We all know we must innovate to survive. Some businesses have seemingly mastered the art of innovation—they have the ability to break down walls, build products, pivot focus at lightning speed, and disrupt entire industries. But for many, innovation is a complex challenge. Process, people, and regulations get in the way.
As a global business leader, how can you encourage your team to innovate like a disruptor?
They say that necessity is the mother of invention. I grew up in South Africa, where, for me, scarcity was a way of life. We had to make the most of the little we had. We naturally innovated without ever calling it that.
Most global enterprises don’t suffer from scarcity—even if they’re fending off disruptors, they still have vast capital and resources. It’s no wonder they’re unable to innovate. The truth is, they haven’t created a compelling need to do anything differently. However, I’ve found that there are a few ways to create an environment that drives a need for change and fosters a culture of innovation.
Change the negatives to positives
Scarcity. Scrappy. Failure. These words tend to have negative connotations. But each is positive in the context of innovation.
When people hear the word scarcity, they think of being deprived of the resources they need to be successful. However, startups know that operating with scarcity makes you think creatively—which is exciting and invigorating and can infuse teams with a strong sense of purpose.
Scrappy is another undervalued term; you can be scrappy without being crappy. Innovation requires velocity—speed, agility, and the ability to pivot quickly—and scrappiness facilitates that. Being “scrappy” means you’re able to get the job done with few resources and save time while you’re at it.
Every process that a company puts in place is meant to prevent failure—and when all systems are fail-safe, there’s never room to get creative and push the boundaries. Leaders need to reverse-engineer that and build safe-fail environments where employees are empowered to test a hypothesis, analyze the results, and experiment more. When failing is thought about as “accelerating learning,” that’s when innovation happens.
Manage like a venture capitalist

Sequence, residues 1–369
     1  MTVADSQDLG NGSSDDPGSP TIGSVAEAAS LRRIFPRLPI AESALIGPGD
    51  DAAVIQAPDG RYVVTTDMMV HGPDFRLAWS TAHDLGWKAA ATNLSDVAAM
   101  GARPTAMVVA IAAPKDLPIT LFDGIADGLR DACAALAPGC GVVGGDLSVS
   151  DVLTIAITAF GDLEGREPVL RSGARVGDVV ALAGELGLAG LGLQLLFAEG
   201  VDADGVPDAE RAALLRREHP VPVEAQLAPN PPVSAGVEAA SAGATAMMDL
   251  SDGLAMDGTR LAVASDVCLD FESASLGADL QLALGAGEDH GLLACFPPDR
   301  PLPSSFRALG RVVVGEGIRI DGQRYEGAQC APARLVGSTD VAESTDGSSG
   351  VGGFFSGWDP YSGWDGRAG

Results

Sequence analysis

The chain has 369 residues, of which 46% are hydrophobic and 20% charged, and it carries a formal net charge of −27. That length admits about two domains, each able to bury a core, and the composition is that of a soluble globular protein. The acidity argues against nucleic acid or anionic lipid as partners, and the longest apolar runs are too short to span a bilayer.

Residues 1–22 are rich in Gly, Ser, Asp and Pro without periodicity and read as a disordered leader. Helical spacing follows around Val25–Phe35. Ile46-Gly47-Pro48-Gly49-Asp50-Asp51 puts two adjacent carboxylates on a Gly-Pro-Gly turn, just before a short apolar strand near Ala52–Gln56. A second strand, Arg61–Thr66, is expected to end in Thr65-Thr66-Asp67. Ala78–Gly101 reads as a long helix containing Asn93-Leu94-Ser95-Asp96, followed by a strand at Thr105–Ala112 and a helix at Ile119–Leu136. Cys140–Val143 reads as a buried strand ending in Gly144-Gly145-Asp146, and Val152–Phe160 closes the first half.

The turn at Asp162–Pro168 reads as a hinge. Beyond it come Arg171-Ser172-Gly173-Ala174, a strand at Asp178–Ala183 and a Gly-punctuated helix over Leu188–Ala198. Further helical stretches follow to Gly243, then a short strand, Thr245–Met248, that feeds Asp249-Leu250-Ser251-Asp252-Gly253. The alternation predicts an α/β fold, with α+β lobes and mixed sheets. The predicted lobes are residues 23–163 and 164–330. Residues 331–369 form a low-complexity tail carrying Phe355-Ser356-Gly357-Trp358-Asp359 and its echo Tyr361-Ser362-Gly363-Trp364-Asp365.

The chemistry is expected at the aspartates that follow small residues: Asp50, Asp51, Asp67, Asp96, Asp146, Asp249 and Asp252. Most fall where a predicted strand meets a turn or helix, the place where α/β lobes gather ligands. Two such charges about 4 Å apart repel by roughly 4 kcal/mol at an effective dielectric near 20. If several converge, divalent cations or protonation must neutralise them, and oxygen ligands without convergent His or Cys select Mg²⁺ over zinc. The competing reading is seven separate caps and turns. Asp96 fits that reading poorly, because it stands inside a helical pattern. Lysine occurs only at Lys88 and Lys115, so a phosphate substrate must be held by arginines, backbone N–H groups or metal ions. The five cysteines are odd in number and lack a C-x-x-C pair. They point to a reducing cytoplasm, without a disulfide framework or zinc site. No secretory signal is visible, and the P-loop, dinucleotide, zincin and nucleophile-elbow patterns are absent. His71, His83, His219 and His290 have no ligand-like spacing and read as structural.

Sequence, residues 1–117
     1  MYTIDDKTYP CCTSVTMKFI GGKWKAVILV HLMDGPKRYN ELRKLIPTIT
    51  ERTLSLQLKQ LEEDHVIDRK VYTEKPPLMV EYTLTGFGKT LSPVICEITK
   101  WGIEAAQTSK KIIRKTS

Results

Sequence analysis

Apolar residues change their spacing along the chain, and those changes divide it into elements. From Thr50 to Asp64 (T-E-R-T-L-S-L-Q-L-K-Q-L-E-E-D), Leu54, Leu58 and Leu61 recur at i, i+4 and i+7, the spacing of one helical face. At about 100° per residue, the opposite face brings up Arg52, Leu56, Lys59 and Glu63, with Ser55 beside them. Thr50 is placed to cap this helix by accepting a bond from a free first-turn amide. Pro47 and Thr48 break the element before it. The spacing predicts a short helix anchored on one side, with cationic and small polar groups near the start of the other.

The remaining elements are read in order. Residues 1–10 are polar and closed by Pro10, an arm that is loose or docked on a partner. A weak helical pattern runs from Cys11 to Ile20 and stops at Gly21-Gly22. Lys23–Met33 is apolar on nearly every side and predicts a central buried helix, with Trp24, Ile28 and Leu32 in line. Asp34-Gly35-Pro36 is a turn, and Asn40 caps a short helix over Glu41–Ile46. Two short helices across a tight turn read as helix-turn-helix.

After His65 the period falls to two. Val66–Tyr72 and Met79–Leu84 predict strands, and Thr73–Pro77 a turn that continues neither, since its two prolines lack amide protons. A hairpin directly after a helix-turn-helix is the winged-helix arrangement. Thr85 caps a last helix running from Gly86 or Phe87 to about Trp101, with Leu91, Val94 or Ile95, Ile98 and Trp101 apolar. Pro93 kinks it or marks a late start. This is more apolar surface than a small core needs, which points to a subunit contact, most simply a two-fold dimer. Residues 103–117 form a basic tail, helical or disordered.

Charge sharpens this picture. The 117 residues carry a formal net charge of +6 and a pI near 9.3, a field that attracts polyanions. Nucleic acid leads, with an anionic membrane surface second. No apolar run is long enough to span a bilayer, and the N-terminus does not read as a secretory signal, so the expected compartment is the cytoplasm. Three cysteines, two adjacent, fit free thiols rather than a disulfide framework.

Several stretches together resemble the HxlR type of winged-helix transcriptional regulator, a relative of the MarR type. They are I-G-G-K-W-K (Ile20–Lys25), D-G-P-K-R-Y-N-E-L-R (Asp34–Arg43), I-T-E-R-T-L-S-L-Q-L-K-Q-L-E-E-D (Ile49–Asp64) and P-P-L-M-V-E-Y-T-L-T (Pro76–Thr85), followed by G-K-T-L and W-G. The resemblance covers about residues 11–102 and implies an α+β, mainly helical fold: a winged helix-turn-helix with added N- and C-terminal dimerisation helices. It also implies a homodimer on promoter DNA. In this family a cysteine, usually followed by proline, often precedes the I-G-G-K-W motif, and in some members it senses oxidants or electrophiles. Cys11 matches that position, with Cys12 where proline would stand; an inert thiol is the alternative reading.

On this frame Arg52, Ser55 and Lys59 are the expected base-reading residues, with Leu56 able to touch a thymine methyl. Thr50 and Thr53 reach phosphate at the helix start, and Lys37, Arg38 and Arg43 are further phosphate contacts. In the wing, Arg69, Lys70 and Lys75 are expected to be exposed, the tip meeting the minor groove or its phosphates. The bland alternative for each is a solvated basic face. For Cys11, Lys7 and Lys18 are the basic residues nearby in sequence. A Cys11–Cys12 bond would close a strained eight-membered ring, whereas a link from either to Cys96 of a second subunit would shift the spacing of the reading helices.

Every leader needs to operate like a venture capitalist. VCs tend to be comfortable with risk—they know that when they invest in startups, those companies will constantly be evolving. VCs let them do what they need to do because they believe their learnings will eventually help them succeed. If all business leaders were to embrace that same approach, they’d give their teams the freedom they need to innovate.
Throughout my career, I have taken that approach and seen incredible returns. One example is when I was CIO of Alaska Airlines. Flight benefits are one of the top perks for airline employees. Yet there was no easy way for employees to book their travel. To solve that, I created a team of self-motivated employees and gave them a constrained budget and complete freedom to operate like a startup. I assigned a leader and allowed him to behave like the CEO of the startup. The team very quickly created prototypes, set up user-experience labs, partnered with local companies, and ran demos at team events. Along the way, they solved political, budgeting, technical, and personnel challenges. Eventually, their hard work resulted in a working mobile app that’s known as Hopper and has a web interface and a dedicated team.
Perhaps most importantly, Hopper’s success established a stronger culture of innovation, in which employees are empowered to develop solutions to improve customer and employee experiences.
Create physical spaces that drive innovation
Innovation isn’t just a mindset or a process; the physical spaces in which teams operate also play a role. People tend to adapt their behavior to match their environment. For example, if I took someone to a house of worship, a concert, and a library, that person would likely behave differently in each venue. Each space inspires a different range of feelings, emotions, thought processes, and behavior patterns from the people inhabiting them.
When we talk about innovation and startups, the phrase that’s always used is “three guys in a garage.” Some of the world’s most successful startups famously began in garages—Amazon and Apple, to name a couple. Here’s why: The garage is a safe environment. It’s informal, cozy, and private; it’s part of someone’s home. It’s flexible—when your garage is your office, you can set your own hours. You can go outside, get up, and move to other rooms. You’re free to work in the style that best suits you. This freedom allows people to think creatively without fear of judgment.
When you impose time and space boundaries on people, they can’t be their creative selves. If Jeff Bezos and Steve Jobs had been forced to work in drab, gray cubicles, I bet that their innovation levels would not have been the same. That’s not to say that teams should actually work in garages. But remove time and space constraints and give people environments where they feel free to think and create without inhibitions.
Build diverse teams
Diversity is, perhaps, the most necessary ingredient for innovation.
We are the sum of our life’s experiences. Our cultures, genders, religions, sexual orientations, places of origin, languages, upbringings, and education all influence the perspectives we bring to an issue.
The same types of people will explore only one path. We must explore many to find success.
When it comes down to it, innovation is nothing more than problem-solving. By giving your teams the right conditions in which to approach challenges, they’ll come up with creative solutions you may never have thought possible.
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